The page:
Nuking a city for no reason, is only OK with two sets of people that I know, the military, and sociopaths.

    The consequences of this action are still felt in the world today, the American guilt complex, has been turned into a National Paranoia complex, that has allowed the very right wing elements that are so much more like our old adversaries, the Axis, in their thinking and actions, than what the traditional American lifestyle and values we'd had, which preceeded the conflict, would allow us ever to become, to dominate the agenda, and keep the world at war.

    In short we have become a Nation that acts just like the Nazis and Fascists that we used to loathe.

    A National guilt complex, can become a Military Industrial Complex, in a hurry, if left unchecked. And that could cause some very wrong consequences, like bankrupting your own people, selling out your dreams to fears, and basically exposing every weakness you have, to any enemy who wishes to prey upon you.

    Like the United States does, with every passing year, and has by calling it patriotism, ever since 1945.

    I think it was wrong, and I would hate to see this act repeated again, against anyone, anywhere. And I think you are only looking for an excuse to deny plausibility and responsibility, which is also wrong, and a huge cause of America's problems at this moment.

    But then you say you are Canadian, so your conscience is clean, right?
  14. but for this to be true you imply that the intent to harm is in fact wrong... what if i say it isnt?

  15. Then you hold a different current perspective, and he still holds his.
  16. #16 TommyCrossbones, Feb 23, 2009
    Last edited by a moderator: Feb 23, 2009
    I'm not saying your incorrect, by consider why is it you think it's "wrong" to cause harm?
  17. #17 TommyCrossbones, Feb 23, 2009
    Last edited by a moderator: Feb 23, 2009
    The easiest thing to address is your last statement. Yes I am canadian but my conscience is far from clear my friend (that's my business though).

    Secondly 6 days after the bombings of Hiroshima and Nagasaki Japan officially surrendered and ceased hostilities. THIS IS A HISTORICAL FACT NOT A RUMOR. It is very difficult to argue that the bombs did not factor heavily into their decision. There were more Japanese detonations planned that were cancelled after their surrender. The bombs were let off with a legitimate military objective in mind and once the objective had been completed no further action was necessary. Do I think the loss of life involved was tragic and even as I said earlier barbarous? yes. Do I condone the action that was taken? Can't say yea or nay on the matter, I can say that I don't as a rule condone military action and think that it is a crutch that is fallen upon to easily. But I acknowledge the impact to the world, both positive and negative, that those actions had.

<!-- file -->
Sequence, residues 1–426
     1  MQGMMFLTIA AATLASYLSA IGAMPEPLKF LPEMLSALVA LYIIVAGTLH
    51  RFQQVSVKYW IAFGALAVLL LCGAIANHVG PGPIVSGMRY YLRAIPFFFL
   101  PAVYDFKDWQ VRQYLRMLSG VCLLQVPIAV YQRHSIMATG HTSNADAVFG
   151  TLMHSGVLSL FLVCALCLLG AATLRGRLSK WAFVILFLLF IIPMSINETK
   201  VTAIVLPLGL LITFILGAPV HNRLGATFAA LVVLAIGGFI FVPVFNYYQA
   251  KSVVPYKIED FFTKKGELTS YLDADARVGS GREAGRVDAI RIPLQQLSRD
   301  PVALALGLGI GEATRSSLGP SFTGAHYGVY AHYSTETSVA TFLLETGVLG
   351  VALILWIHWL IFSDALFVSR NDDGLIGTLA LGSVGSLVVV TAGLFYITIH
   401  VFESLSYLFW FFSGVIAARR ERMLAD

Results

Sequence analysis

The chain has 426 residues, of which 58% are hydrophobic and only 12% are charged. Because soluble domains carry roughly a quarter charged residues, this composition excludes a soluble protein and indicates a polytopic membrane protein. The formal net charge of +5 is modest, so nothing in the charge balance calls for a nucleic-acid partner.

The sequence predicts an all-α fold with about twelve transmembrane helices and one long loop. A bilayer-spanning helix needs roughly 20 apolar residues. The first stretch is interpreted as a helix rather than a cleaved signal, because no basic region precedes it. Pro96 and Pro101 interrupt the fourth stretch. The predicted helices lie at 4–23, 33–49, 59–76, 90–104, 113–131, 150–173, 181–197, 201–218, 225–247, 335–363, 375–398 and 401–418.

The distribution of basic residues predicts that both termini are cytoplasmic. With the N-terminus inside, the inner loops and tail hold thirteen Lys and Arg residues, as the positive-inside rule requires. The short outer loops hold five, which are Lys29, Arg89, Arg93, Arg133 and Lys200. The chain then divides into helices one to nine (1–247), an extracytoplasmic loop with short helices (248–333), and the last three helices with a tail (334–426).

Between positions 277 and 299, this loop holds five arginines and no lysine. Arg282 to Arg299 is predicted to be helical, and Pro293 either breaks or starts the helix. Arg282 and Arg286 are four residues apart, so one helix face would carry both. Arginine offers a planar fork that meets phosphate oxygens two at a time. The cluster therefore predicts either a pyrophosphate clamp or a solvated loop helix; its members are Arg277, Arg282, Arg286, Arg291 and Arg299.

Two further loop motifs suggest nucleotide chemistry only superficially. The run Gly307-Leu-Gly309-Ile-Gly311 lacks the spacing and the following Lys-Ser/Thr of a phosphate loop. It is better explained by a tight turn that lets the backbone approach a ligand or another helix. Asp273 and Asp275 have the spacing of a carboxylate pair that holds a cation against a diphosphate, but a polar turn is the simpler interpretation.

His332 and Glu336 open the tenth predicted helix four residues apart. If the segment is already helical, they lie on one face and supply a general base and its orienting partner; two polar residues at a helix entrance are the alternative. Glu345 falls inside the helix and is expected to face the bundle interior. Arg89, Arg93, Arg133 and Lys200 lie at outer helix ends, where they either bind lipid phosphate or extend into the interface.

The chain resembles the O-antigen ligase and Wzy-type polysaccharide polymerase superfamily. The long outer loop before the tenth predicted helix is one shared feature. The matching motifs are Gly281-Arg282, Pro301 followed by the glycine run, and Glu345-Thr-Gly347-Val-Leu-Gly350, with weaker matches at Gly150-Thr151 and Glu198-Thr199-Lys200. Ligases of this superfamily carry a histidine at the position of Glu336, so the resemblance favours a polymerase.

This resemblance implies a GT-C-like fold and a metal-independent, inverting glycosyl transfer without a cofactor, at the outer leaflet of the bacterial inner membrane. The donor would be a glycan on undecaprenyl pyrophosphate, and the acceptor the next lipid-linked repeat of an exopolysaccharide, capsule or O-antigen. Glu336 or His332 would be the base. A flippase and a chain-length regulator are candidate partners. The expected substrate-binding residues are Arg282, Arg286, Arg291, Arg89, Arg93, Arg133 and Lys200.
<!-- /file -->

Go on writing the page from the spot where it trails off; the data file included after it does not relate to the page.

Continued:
As for the American guilt complex and where it is/isn't/may lead? Who am I to say? I am not qualified to speak on the matter really.

    Finally I am not trying to deny responsibility. In fact I would petition MORE responsibility. It is the truly responsible man who considers ALL of the consequences of an action. I think people don't consider all the consequences and instead just act blindly based on ideals that they don't fully understand themselves (I.E. patriotism). And I don't think I've denied the plausibility of anything other than the concepts of right and wrong, might reconsider using that word.
  18. I am fairly certain the United States only had two working nuclear bombs in 1945. Also, as a fun fact, a good chunk of the people on the enolagay (plane that dropped first bomb) either killed themselves or went bat-shit crazy.

  19. "Plans for more atomic attacks on Japan

    The United States expected to have another atomic bomb ready for use in the third week of August, with three more in September and a further three in October.[57] On August 10, Major General Leslie Groves, military director of the Manhattan Project, sent a memorandum to General of the Army George Marshall, Chief of Staff of the United States Army, in which he wrote that "the next bomb . . should be ready for delivery on the first suitable weather after 17 or August 18." On the same day, Marshall endorsed the memo with the comment, "It is not to be released over Japan without express authority from the President."[57] There was already discussion in the War Department about conserving the bombs in production until Operation Downfall, the projected invasion of Japan, had begun. "The problem now [August 13] is whether or not, assuming the Japanese do not capitulate, to continue dropping them every time one is made and shipped out there or whether to hold them . . . and then pour them all on in a reasonably short time. Not all in one day, but over a short period. And that also takes into consideration the target that we are after. In other words, should we not concentrate on targets that will be of the greatest assistance to an invasion rather than industry, morale, psychology, and the like? Nearer the tactical use rather than other use."[57]"

    Not that I usually trust everything I read on Wiki (they really aren't 100% academically sound) but you can look it into it.